I hear that Gail came to the ashram just with the clothes on her back. Do you remember that?
I remember it like it was yesterday. Those days, there was only one house where my parents and siblings lived. There was no ashram yet. A hut was built first on father’s property. Later, he donated 10 cents of land. The math was registered in 1988. When that daughter came, I did not ask who or what she was. Everyone has shown nothing but love to that daughter. I cannot understand why she later wrote like this.
How do you want to respond to Gail?
Gayatri is still my daughter. She always will be. Reaction and revenge are not my way. My way is acceptance—to welcome everything. However, the devotees have deep sorrow. I have advised them not to express their feelings, to forebear and forgive everything, to pray for that daughter and so on. But not everyone is a sadhaka [spiritual seeker]; not everyone has understood the spiritual principles. For some, the mental attitude [with which they view their relationship with Amma] is one of a mother and child. I don’t know whether those who see Amma as their birthmother can forgive this. Let grace bless those children to have forgiveness.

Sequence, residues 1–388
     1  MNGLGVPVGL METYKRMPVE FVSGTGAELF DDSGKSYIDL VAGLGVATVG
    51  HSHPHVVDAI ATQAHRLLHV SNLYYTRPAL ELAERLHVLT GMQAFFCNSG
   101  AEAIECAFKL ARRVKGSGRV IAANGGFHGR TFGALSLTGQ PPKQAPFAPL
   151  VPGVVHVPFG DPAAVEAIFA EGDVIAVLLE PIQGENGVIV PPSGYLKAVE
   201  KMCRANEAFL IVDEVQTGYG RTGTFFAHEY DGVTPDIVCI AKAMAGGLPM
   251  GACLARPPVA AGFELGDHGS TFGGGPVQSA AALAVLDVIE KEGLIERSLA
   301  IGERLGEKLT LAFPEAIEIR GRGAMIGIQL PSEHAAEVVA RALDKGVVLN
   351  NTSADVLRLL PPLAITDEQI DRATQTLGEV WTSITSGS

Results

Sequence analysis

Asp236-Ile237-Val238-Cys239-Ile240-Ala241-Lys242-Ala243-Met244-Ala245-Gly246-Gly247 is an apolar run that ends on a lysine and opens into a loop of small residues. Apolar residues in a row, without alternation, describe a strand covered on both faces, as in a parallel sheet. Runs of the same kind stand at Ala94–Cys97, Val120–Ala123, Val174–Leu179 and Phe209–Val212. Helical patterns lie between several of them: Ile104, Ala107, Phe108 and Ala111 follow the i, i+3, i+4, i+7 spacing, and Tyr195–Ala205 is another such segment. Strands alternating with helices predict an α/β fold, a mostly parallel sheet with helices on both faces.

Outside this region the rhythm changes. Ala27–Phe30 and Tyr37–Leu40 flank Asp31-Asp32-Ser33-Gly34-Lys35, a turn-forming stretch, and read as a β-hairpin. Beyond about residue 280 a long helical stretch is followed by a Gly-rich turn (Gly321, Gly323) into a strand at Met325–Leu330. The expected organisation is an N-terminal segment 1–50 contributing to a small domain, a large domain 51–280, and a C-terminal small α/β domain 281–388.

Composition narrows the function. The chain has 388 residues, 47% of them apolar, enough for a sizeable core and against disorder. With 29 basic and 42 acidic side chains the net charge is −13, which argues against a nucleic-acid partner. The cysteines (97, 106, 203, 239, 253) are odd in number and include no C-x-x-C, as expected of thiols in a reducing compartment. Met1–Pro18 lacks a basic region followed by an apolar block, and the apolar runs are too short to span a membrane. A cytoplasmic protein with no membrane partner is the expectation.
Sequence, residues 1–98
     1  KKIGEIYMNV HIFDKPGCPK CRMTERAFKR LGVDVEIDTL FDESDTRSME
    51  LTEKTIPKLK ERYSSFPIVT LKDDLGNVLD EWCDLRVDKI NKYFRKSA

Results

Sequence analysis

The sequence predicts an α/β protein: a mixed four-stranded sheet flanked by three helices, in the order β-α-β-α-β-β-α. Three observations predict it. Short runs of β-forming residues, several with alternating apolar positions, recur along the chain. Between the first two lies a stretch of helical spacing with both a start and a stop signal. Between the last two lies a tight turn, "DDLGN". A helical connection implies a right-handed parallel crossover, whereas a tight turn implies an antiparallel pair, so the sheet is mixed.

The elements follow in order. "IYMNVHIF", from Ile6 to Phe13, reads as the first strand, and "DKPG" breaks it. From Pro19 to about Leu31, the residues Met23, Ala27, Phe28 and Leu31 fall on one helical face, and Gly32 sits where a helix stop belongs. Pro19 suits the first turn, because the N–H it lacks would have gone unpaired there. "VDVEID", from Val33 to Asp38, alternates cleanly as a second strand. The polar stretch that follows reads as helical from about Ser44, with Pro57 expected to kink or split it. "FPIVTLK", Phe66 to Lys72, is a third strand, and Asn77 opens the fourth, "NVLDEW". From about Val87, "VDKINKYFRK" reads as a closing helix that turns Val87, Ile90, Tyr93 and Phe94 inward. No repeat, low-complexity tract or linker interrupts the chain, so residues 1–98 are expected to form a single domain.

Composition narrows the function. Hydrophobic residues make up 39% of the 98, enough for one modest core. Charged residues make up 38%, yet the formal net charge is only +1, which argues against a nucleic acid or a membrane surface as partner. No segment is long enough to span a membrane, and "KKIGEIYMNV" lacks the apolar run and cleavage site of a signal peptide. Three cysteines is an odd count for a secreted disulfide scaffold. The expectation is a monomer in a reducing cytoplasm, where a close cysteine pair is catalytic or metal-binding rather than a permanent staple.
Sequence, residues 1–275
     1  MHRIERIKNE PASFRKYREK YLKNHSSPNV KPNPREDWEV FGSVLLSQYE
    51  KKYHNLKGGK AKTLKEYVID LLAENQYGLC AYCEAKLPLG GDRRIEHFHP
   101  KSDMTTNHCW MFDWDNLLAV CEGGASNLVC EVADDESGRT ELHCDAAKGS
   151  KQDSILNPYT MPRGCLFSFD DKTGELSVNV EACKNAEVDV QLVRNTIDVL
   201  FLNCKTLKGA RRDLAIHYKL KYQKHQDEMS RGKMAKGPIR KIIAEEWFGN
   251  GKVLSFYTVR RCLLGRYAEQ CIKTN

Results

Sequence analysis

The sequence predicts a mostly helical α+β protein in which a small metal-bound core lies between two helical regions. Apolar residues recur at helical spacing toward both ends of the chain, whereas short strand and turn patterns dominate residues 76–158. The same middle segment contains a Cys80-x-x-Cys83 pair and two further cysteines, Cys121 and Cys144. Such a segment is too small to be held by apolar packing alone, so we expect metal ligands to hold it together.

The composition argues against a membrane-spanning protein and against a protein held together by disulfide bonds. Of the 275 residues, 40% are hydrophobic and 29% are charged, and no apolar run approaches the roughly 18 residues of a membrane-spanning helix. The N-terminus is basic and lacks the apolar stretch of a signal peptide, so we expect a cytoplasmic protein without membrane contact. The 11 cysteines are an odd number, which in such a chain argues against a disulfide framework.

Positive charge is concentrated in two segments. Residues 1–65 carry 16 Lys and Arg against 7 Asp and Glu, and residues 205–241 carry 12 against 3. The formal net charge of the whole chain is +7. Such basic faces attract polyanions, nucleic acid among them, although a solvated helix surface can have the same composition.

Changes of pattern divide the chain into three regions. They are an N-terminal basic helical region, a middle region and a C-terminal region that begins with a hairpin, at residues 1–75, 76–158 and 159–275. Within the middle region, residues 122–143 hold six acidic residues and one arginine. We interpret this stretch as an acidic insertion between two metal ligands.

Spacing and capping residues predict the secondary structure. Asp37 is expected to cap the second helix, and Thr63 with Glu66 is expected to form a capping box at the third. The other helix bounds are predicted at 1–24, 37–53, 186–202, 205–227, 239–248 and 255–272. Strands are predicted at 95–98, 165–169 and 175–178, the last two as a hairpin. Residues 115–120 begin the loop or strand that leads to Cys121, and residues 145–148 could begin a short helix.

Is there any possibility for your American disciples to take any legal action against Gail?
Amma is not a member of the trusts registered in foreign countries. The trustees are devotees from the corresponding countries. I go there because they invite me. They are all deeply hurt by this incident. They are adamant about filing a lawsuit. Amma has asked them to forgive. But Amma cannot say what they will decide to do in this particular circumstance.
Amma, doesn’t it hurt you when someone who once took refuge in you now speaks so virulently?
Why? I have a dharma—the dharma of a mother of children ranging from newborns to 90- and 100-yearolds.